Transportation bond heads to Gilbert voters

(Source: Town of Gilbert/Community Impact Newspaper)
(Source: Town of Gilbert/Community Impact Newspaper)

(Source: Town of Gilbert/Community Impact Newspaper)

Image description
(Source: Town of Gilbert/Community Impact Newspaper)
Gilbert voters will receive their fall ballots in the mail shortly after Oct. 6, which will include a question of whether the town should be allowed to issue bonds for streets, transportation and infrastructure projects.

The $515 million bond package is the first such ballot question in 14 years. The funding will go toward nearly 60 capital improvement projects the town and its ad hoc citizens transportation task force have prioritized as Gilbert heads toward build-out in the next decade.

Those include long-anticipated projects, such as the $66.52 million building of the Ocotillo Road Bridge, which will link that uncompleted street from Greenfield to Higley through Gilbert Regional Park, and $48.2 million for the reconstruction of the roads in Val Vista Lakes, one of the town’s older neighborhoods.

“These improvements will be needed to accommodate Gilbert’s growth and development over the next 10 years,” said Vice Mayor Yung Koprowski, whose day job is as a civil engineer specializing in transportation.

If the bond passes, Gilbert’s secondary property tax rate will remain flat at $0.99 per $100 in assessed valuation, although homeowners can expect their property tax bills to rise with their home values.

The ballot question originally was to go to voters in 2020, but council decided to delay it when the effects of the coronavirus were unknown. Now, however, officials said the town is working on the last $15 million of the $174 million 2007 bond, all of it committed to current projects.

Bond aims

The $515 million would fund what is now a list of 57 capital improvement projects. The projects fall in one of five categories: safety and congestion, transportation technology, road reconstruction, redevelopment plan implementation and multimodal investments.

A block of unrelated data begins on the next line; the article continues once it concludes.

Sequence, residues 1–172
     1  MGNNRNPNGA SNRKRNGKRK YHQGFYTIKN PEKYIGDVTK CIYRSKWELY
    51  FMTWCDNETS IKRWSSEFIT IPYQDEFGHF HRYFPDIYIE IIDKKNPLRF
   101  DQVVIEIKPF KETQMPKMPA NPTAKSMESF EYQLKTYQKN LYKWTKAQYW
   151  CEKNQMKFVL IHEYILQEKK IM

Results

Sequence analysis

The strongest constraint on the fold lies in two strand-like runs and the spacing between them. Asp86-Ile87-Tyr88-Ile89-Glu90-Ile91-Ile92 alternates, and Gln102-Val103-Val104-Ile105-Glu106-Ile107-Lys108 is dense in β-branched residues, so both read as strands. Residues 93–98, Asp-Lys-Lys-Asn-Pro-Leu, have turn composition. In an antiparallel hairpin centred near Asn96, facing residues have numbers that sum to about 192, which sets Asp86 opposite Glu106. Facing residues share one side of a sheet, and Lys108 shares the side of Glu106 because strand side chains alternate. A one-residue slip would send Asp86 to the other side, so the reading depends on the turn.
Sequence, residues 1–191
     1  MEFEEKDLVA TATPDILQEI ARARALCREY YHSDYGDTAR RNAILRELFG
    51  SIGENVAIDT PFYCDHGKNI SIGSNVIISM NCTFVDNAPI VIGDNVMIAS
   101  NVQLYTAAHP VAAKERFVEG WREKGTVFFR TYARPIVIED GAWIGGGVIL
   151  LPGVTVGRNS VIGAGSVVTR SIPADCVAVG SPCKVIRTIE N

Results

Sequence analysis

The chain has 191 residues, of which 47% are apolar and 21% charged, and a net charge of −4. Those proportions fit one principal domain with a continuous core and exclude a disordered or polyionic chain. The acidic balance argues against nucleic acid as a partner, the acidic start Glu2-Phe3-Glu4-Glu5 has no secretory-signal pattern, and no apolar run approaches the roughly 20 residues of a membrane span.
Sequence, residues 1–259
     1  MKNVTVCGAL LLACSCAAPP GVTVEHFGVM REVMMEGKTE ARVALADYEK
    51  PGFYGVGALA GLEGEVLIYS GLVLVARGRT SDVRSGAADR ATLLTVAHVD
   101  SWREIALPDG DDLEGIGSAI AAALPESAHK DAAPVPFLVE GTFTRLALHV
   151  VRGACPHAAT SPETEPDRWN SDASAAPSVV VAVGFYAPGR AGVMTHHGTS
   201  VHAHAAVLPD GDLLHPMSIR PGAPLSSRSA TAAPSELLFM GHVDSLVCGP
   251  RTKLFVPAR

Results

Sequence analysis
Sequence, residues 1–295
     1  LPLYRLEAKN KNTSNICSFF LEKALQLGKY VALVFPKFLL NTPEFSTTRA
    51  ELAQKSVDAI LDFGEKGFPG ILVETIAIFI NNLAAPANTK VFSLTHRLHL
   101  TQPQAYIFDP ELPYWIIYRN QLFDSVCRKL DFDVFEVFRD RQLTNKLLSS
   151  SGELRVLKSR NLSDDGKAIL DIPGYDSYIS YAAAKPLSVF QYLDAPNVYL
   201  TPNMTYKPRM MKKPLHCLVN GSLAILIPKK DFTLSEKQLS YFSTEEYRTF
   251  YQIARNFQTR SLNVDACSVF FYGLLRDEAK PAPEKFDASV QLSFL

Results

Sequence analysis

A survey this spring for the town’s transportation master plan showed 67% of respondents said the town should improve roadway conditions. The projects are meant to address that concern as well as traffic congestion, officials said.

Safety and congestion receives the highest allotment at $214 million and includes intersection improvements such as additional turn lanes or traffic signals, Public Works Director Jessica Marlow said. Work with local schools on improving congestion and safety at drop-off and pickup points, at a town cost of $6.08 million, is one example.

Next highest is $106 million for road reconstruction to address growth and the traffic system’s decay, such as in Val Vista Lakes’ public roads.

Another $78 million is earmarked for the Heritage District redevelopment plan, including some roadways and parking specific to the town’s plan, Marlow said.

Transportation technology, receiving $68 million, is meant to build out the town’s fiber-optic network to connect signals as well as bring in more video detection equipment to improve traffic flow.

Assistant Town Engineer Susanna Struble pointed to the SanTan Village mall area as a congested area that could benefit from the technology.

“We’ve got quite a bit of challenges there where widening those intersections is not really an option any longer,” she said. “That technology will help us basically manage that.”

The last piece is $49 million for multimodal investments, such as signals for trail crossings at roads with heavy traffic, which Marlow said should improve safety and encourage more bike and pedestrian use of the trails.

The project list could change over time, Marlow said, but all projects are subject to council approval.

“We have a list—an overflowing list—of identified projects that are in our capital improvement plan that would more than use any proceeds from a bond if the voters approve it,” Assistant Town Manager Leah Hubbard Rhineheimer said. “But we also know that it’s important to our residents that we stay nimble and adapt to their changing needs.”

Costs to residents

Rhineheimer said it was important to put together a bond package that would not increase the town’s secondary property tax rate.

“That’s huge to have a bond initiative of this magnitude and accommodate it within our existing tax rate,” Rhineheimer said.

Even at that, by delaying the election one year, the size of the bond increased from $465 million to $515 million, which Struble said is largely due to the ongoing challenge of cost escalations in the construction market.

Budget Director Kelly Pfost said the town nonetheless will be able to keep the $0.99 rate as debt from older bonds is retired and more growth occurs.